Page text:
His Majesty King Willem-Alexander will put the first blue-energy power plant in the world to use on Wednesday, 26 November. In this test plant at the Afsluitdijk the joining of river and sea water is used to generate sustainable energy. This is because by using cleverly designed membranes (special filters), you can generate electricity directly from the difference in salt concentration. Researchers from the University of Twente's MESA+ research institute supplied the knowledge for the membranes and the technology for this power station.
In the future it will be possible to generate ten percent of the Dutch energy consumption via this technology. With its large rivers such as the Rhine and the Meuse, the Netherlands has great potential in this area. The company REDstack BV now takes 'Blue Energy' to market in the Netherlands. The University of Twente makes an important contribution to the research and the further development of the plant, which involves intensive collaboration with the research institute Wetsus, Fujifilm and other organizations.
The expectation is that Blue Energy will succeed in generating energy for 8 cents per kilowatt-hour (without subsidies). Solar and wind energy are currently a lot more expensive, energy from petroleum is still cheaper at the moment. In addition, Blue Energy can be generated continually, contrary to solar and wind energy, which are both dependent on availability and the weather. The total quantity of electricity that could be generated on the Afsluitdijk is equal to 1200 billion AA batteries a year, or, in other words, sufficient for the energy requirements of 500,000 households. It is potentially possible to generate the entire electricity consumption worldwide with Blue Energy.
"Electricity can be generated wherever fresh water and salt water meet, for instance where rivers flow into the sea," explains Professor Kitty Nijmeijer of MESA+ research institute of the University of Twente. Over the past eight years she, together with her department, put a lot of work and effort into developing and improving the membranes and the Blue Energy technology.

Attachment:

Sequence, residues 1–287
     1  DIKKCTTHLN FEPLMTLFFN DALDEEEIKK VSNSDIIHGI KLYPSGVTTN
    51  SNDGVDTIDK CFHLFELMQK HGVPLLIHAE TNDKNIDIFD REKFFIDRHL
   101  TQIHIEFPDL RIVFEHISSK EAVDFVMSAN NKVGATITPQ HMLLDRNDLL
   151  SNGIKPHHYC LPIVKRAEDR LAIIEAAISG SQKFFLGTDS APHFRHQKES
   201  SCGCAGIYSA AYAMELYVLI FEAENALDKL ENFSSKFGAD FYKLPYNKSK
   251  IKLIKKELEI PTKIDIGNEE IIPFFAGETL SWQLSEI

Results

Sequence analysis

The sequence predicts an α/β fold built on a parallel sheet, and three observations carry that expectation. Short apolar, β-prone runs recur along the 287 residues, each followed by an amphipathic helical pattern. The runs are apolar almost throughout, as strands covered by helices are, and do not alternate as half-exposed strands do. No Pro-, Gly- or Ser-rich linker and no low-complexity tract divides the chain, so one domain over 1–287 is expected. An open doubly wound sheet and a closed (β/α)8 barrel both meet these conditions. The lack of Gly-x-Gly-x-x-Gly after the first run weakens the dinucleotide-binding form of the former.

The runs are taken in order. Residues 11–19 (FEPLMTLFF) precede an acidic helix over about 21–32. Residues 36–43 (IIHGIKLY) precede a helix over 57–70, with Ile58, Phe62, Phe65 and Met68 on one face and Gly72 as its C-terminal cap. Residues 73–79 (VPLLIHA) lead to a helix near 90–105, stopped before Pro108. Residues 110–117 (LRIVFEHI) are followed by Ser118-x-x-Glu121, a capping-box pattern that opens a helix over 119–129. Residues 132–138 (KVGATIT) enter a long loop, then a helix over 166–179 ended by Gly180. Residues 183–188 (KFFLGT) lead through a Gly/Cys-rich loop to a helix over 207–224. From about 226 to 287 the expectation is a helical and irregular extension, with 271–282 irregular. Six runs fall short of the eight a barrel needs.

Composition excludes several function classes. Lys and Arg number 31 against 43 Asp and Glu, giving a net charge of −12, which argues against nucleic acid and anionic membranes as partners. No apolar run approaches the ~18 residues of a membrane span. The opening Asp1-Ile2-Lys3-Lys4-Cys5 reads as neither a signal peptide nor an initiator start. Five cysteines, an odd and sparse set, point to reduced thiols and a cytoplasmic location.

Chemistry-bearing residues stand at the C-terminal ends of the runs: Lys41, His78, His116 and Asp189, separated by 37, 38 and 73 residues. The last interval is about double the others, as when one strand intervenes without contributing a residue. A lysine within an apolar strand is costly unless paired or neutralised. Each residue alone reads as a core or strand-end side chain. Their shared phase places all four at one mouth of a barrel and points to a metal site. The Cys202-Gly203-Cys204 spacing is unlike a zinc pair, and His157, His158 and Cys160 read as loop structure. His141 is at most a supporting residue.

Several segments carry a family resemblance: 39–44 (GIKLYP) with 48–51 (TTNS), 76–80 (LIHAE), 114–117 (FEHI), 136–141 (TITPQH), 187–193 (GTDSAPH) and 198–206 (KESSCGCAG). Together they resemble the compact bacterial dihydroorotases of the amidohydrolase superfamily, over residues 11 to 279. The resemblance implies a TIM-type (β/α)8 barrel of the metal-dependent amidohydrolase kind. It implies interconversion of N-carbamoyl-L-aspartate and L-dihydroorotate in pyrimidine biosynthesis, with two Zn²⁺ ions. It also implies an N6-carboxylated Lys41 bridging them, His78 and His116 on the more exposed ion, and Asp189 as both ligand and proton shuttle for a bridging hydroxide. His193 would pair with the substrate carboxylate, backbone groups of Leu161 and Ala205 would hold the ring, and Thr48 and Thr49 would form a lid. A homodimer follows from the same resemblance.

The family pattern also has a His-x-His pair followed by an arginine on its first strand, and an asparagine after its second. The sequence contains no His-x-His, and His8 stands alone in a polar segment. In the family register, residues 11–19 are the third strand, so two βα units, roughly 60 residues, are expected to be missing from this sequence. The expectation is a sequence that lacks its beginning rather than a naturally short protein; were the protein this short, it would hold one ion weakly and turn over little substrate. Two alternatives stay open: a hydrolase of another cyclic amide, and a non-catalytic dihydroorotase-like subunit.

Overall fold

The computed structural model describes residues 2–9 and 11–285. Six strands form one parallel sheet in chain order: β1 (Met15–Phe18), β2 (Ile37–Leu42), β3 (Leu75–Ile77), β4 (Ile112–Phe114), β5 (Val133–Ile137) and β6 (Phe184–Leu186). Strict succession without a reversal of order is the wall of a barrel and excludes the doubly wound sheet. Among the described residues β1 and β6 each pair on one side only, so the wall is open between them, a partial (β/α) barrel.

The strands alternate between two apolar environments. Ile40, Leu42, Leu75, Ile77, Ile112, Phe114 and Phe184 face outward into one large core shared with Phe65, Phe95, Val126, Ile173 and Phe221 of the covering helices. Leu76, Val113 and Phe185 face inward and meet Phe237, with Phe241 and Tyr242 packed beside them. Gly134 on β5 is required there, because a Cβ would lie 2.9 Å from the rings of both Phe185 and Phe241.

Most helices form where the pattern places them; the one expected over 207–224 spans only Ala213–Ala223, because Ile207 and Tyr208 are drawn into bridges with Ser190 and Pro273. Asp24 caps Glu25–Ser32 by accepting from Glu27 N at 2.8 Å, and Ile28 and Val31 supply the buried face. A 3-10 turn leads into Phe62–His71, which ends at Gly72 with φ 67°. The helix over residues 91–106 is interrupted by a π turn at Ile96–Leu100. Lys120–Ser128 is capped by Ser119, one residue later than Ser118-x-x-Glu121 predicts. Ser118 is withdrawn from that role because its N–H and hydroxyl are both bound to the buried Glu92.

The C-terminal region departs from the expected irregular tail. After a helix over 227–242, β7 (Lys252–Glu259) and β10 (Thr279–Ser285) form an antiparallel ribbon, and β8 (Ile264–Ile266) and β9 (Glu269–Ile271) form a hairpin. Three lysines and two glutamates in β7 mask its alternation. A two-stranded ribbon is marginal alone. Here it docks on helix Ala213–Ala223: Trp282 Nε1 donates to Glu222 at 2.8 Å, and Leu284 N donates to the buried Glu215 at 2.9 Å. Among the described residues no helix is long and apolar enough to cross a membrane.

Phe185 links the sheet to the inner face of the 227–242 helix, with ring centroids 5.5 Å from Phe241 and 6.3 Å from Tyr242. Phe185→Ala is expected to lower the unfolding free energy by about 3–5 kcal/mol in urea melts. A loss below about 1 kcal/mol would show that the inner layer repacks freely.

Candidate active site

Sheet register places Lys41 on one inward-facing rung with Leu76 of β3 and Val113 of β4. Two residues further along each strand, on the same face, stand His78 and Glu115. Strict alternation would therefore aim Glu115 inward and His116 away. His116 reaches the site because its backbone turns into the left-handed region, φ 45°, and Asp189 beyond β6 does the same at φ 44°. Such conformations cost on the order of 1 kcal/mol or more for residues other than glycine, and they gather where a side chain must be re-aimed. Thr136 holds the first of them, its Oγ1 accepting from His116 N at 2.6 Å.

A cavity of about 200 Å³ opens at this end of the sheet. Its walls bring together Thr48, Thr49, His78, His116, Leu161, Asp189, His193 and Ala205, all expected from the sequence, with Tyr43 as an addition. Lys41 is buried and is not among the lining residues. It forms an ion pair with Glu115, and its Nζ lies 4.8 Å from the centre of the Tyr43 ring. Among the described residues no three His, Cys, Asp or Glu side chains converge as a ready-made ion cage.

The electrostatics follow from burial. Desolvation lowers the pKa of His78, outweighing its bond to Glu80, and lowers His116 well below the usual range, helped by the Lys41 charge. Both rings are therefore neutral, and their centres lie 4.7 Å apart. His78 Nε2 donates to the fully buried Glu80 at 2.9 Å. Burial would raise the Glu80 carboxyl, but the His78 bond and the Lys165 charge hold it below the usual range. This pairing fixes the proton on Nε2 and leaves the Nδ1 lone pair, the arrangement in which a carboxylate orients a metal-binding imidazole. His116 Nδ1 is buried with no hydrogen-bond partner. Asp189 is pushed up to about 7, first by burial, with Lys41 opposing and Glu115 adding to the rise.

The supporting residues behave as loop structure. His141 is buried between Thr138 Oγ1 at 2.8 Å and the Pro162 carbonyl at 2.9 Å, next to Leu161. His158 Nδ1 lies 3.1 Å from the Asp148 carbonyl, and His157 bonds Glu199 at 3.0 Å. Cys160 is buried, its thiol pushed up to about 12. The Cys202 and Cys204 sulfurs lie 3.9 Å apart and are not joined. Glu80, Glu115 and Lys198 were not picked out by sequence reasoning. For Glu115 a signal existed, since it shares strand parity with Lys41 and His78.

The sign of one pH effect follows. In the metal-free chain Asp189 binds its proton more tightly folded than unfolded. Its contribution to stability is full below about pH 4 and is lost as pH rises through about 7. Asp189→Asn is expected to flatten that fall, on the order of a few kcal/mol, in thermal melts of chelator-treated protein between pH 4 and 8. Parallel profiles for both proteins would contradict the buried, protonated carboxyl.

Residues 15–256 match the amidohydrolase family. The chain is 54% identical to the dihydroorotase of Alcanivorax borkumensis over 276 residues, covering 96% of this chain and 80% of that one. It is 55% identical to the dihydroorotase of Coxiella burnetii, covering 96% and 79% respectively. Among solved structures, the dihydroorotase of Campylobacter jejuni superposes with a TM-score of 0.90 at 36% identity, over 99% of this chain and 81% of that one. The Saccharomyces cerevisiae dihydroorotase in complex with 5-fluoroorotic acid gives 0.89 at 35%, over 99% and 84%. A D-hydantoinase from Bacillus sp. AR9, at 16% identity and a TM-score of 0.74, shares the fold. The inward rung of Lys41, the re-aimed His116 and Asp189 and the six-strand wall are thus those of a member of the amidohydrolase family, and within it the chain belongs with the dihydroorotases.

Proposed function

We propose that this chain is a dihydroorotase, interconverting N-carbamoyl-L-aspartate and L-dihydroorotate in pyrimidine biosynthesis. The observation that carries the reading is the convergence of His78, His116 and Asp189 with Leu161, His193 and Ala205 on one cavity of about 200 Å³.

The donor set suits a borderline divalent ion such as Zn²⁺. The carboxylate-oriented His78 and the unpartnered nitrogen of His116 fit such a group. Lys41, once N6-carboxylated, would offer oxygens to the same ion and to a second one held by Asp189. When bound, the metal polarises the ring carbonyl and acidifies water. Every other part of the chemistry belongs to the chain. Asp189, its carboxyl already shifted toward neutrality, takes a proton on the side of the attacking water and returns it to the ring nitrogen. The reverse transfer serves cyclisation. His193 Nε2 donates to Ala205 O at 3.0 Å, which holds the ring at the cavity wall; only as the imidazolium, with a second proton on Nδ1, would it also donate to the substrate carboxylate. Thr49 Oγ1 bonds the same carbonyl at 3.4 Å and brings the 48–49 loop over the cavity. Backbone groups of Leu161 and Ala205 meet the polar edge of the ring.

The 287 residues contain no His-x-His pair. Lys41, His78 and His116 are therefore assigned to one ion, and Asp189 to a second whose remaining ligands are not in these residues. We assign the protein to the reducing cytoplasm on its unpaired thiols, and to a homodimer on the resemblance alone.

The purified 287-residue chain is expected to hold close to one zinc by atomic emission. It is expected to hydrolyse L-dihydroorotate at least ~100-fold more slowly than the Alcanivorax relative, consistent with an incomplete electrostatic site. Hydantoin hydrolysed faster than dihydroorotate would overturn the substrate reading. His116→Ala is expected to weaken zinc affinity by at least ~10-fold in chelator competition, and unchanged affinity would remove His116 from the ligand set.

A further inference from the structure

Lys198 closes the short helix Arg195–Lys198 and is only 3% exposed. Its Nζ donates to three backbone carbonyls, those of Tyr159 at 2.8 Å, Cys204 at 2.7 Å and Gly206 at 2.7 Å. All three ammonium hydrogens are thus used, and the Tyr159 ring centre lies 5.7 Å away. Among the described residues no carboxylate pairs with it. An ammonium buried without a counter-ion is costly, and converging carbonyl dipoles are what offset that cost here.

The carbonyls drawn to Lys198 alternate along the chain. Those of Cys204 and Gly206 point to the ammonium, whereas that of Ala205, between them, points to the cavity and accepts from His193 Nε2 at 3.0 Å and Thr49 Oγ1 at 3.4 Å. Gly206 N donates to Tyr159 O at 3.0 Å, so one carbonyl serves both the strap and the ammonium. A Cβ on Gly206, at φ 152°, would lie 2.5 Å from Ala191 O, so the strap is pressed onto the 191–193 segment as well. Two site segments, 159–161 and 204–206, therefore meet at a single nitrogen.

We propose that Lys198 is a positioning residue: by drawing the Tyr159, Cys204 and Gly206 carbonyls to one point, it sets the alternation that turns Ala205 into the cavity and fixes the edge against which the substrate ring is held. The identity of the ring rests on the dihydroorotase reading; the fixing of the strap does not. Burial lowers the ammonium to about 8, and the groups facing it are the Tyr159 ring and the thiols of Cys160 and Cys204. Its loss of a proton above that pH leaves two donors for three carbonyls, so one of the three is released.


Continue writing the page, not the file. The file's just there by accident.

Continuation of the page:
"This is because there are many more charged particles - ions - in salt water than in fresh water. Separating salt water from fresh water, using a membrane that only allows positively or negatively charged particles to permeate, results in a difference in voltage which you can convert into electricity. The principle has been known for some time, but its efficiency had always been far too low to make large-scale application interesting."
"At the moment our membranes in the lab can supply a capacity of about 1.3 watt per square meter of membrane," continues Nijmeijer. "We need to increase this to 2 to 3 watt per square meter in order to make blue energy economically profitable. Our PhD candidates will use the power plant on the Afsluitdijk as a research facility for improving efficiency on a large scale and to research the effects of using the natural sea and river water."
The installation currently contains some four hundred square metres in membranes, which can process 220,000 litres of salt water and 220,000 litres of fresh water every hour. This figure will be increased to 100,000 square metres during the next few years. In order to save space, different membranes are placed immediately adjacent to one another, at a distance of 0.3 to 0.5 millimetres. A commercial installation will eventually need millions of square metres of membranes. "This seems much, but practically speaking this is certainly feasible," states Nijmeijer.
Earlier this year two researchers from Nijmeijer's Membrane Science & Technology department already obtained their doctoral degree in the field of Blue Energy. David Vermaas busied himself with the hydrodynamics and pollution of the membranes. He optimised the way in which water passes through the membranes and came up with a number of ways in which to reduce pollution of the membranes. Enver Güler occupied himself with the membrane development. He developed a membrane which yields the highest energy to date. Recently two new PhD candidates started on the project who are working onwards from these developments.
The research is a joint venture by the MESA+ research institute and the Green Energy Initiative of the University of Twente.